/ Modified apr 13, 2018 9:12 a.m.

UA Student's Non-Opioid Pain Relief Research Highlighted in DC

Lindsey Chew's work is leading her to pursue a physician-scientist career path.

Lindsey Chew unsized VIEW LARGER University of Arizona senior Lindsey Chew researches non-opioid pain relief as a neuroscience major.
University of Arizona

University of Arizona neuroscience senior Lindsey Chew will show her non-opioid pain relief research at a Capitol Hill event April 18, the only Arizona student among the 60 from around the United States invited to participate.

Chew, a graduate of Chandler's Hamilton High School, said before she set foot on the UA campus, she knew she wanted to work in a research laboratory on campus.

She contacted university scientists and found a match on her first day at college in Rajesh Khanna, a pharmacology professor in the College of Medicine. Chew has worked in Khanna's laboratory ever since.

"In Dr. Khanna's lab, his mentorship has really guided me to understand and see more of what basic science and its intersection with clinical medicine can look like. He has encouraged me to not only be involved in the laboratory but to see where that starts to affect patients," she said.

Khanna and his team have worked for 10 years to develop compounds that are more effective than morphine, and are nonaddictive and nontoxic at high doses. The scientists focus on targeting just one pain channel, avoiding opioids’ negative effects such as increased risk of addiction and overdose. Chew has worked alongside the group during her UA career and is helping to bring the new drug to market.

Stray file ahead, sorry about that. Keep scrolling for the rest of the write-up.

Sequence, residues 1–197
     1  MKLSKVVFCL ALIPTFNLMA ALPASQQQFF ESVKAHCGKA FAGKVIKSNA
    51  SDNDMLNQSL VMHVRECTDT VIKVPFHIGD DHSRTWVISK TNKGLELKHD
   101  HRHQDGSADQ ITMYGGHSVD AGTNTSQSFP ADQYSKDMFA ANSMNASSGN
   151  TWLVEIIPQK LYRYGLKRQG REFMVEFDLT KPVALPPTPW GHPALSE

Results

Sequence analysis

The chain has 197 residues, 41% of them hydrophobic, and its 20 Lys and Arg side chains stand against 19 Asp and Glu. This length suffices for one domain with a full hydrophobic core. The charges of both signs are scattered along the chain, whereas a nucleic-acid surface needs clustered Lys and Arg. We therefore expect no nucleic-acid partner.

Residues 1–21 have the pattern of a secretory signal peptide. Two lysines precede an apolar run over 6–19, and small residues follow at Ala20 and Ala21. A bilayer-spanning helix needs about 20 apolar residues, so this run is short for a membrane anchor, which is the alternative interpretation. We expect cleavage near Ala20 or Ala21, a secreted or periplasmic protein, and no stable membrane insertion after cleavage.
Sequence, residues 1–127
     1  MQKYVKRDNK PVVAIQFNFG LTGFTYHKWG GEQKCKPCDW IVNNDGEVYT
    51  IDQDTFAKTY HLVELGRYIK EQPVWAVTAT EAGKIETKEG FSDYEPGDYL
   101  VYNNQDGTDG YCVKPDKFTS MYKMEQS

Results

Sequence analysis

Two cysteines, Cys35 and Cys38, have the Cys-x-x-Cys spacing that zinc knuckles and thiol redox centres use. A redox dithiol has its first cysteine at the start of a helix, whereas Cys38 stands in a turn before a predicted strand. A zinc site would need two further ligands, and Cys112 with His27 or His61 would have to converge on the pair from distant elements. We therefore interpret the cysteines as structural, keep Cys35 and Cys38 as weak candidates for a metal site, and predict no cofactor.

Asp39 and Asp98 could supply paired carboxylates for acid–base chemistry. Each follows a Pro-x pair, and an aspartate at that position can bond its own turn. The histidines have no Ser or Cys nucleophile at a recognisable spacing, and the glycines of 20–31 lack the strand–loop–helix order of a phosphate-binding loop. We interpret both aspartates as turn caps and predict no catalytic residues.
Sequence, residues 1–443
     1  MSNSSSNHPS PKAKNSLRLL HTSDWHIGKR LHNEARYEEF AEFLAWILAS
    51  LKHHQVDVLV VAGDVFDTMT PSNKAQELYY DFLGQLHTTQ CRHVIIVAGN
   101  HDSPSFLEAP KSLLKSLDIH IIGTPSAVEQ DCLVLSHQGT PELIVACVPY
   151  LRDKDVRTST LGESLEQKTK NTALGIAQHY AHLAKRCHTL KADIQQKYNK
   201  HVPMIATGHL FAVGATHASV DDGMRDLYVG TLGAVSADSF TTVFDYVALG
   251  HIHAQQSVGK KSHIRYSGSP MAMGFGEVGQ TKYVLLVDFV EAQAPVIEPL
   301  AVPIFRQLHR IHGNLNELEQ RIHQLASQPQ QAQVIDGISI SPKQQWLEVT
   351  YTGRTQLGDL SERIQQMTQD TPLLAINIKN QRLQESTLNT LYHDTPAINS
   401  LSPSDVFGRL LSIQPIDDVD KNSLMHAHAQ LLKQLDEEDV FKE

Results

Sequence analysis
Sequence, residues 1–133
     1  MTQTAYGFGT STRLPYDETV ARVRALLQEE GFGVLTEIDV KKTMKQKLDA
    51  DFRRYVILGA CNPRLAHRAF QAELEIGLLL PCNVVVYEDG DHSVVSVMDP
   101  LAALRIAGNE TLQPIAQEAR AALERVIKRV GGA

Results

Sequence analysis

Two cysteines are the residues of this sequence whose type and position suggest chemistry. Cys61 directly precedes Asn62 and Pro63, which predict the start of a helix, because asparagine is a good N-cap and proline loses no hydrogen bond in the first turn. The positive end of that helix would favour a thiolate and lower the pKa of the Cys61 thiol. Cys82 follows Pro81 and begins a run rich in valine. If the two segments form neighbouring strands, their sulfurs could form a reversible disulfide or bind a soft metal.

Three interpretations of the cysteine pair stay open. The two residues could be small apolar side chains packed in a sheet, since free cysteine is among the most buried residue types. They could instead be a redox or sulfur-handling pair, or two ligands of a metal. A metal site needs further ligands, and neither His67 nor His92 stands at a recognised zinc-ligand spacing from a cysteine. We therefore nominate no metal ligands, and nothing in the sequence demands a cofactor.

Chew's entry in the Posters on the Hill exhibit at the Rayburn House Office Building in Washington, D.C., explains the new pain therapy.

"Seeing some of the ideas from the Khanna lab start to turn into products that may be able to benefit patients soon, I've been motivated to pursue a physician-scientist career," she said.

After graduating from UA in May, Chew will enroll in Duke University's M.D./Ph.D program.

Arizona Science Desk
This story is from the Arizona Science Desk, a collaborative of the state's public radio stations, including NPR 89.1. Read more from the Arizona Science Desk.
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